Women’s Legal Services Australia (WLSA) thanks the Senate Standing Committees on Community Affairs for the opportunity to provide a submission on the worsening rental crisis in Australia. Our submission focuses on the impact of the rental crisis, and the lack of affordable, safe, and secure housing on women and children, particularly victim-survivors of gendered violence.
Our submission is informed by the experiences of staff at Women’s Legal Services supporting women to access housing, including lawyers, social workers, and financial counsellors, as well as the experiences of our clients, particularly the barriers they face in accessing affordable housing, including safe and secure tenancies, where they have experienced, or are experiencing, gendered violence.
We make the following recommendations:
- Increase the use of legislative provisions to enable victim-survivors to remain in the home with the perpetrator removed, including training and guidance for judicial officers to ensure that they are applied consistently by the courts, and the lack of affordable housing is taken into consideration.
- Additional funding for Women’s Legal Services to ensure that women are aware of legislative protections to enable victim-survivors to remain in the home and are supported to access legal protection and financial entitlement in family law and family violence matters.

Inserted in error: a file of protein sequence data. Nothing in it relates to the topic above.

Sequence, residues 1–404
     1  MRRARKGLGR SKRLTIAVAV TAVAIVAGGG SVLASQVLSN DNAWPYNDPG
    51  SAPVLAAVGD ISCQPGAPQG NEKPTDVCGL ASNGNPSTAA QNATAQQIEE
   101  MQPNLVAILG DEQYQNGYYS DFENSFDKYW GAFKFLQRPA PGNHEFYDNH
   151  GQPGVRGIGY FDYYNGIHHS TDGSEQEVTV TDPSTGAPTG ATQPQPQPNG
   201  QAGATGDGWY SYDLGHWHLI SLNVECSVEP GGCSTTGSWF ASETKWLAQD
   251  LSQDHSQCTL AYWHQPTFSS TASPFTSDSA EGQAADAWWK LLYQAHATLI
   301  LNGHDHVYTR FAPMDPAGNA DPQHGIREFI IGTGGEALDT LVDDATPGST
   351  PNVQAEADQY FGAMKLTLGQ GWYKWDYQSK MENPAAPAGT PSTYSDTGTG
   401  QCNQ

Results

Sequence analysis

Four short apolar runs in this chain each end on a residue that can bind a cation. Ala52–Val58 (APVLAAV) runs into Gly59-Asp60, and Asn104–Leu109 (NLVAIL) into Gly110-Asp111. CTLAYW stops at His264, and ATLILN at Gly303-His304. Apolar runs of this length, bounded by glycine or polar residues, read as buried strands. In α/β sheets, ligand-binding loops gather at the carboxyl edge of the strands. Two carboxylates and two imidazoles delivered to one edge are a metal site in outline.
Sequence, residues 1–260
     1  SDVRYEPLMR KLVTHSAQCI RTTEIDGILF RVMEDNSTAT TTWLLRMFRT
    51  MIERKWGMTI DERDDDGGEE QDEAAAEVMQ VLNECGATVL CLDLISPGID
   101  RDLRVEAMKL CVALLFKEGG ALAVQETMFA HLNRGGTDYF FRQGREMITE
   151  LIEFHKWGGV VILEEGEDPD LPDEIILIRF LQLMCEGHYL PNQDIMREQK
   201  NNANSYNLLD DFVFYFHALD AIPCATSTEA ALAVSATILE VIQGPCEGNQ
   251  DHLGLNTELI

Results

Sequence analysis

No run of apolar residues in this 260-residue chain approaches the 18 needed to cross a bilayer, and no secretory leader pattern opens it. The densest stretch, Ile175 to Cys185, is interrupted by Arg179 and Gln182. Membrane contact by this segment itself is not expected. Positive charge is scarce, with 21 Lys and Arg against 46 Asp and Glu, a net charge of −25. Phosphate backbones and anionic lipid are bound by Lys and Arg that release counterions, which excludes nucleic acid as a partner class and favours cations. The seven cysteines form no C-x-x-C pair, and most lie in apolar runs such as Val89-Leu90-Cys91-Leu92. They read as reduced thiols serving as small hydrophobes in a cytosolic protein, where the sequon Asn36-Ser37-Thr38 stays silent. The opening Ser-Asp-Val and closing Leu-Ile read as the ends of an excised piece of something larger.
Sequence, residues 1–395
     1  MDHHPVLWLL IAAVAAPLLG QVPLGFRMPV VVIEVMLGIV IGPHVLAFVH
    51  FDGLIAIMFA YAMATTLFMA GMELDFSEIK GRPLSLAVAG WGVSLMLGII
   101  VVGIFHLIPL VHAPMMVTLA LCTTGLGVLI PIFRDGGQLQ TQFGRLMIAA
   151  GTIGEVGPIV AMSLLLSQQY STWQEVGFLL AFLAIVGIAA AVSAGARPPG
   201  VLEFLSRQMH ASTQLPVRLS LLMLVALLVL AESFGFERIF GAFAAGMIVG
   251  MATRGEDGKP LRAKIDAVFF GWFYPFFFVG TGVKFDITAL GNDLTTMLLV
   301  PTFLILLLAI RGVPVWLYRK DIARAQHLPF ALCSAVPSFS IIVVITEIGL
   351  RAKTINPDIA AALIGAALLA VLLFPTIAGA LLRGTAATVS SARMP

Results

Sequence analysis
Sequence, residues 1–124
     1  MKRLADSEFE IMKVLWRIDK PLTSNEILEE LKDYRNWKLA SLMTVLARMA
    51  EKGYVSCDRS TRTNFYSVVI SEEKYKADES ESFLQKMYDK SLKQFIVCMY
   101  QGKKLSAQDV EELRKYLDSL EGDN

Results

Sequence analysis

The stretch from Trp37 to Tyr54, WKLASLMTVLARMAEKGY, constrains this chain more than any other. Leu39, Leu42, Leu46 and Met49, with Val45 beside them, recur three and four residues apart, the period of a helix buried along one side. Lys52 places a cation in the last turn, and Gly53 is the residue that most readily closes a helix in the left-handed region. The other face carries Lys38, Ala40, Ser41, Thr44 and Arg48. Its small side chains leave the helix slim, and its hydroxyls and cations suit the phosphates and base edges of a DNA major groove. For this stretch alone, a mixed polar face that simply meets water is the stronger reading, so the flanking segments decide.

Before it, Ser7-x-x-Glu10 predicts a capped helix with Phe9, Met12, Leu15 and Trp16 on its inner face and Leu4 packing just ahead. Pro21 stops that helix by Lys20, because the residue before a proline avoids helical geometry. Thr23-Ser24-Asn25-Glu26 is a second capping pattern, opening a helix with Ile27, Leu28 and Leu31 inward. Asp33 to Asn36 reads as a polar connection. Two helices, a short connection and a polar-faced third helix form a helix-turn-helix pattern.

- Increase funding for ‘Safe at Home’ type programs to enable women to remain safely in the home with the perpetrator removed and increase flexible support and financial assistance packages for victim-survivors of domestic and family violence.
- Urgently build 25,000 social homes each year for 20 years to tackle the social housing shortfall.
- Expand eligibility criteria in all jurisdictions to enable women and children experiencing domestic or family violence to access social housing, including women on temporary visas experiencing violence and women who are homeowners.
- Additional funding for Women’s Legal Services to provide women with intersecting legal and housing needs with access to social workers and financial counselling to prevent homelessness associated with domestic and family violence and poverty.
- Increase access to rental properties through financial assistance, sub-leasing arrangements, rental subsidies, bond loans, or rental grants.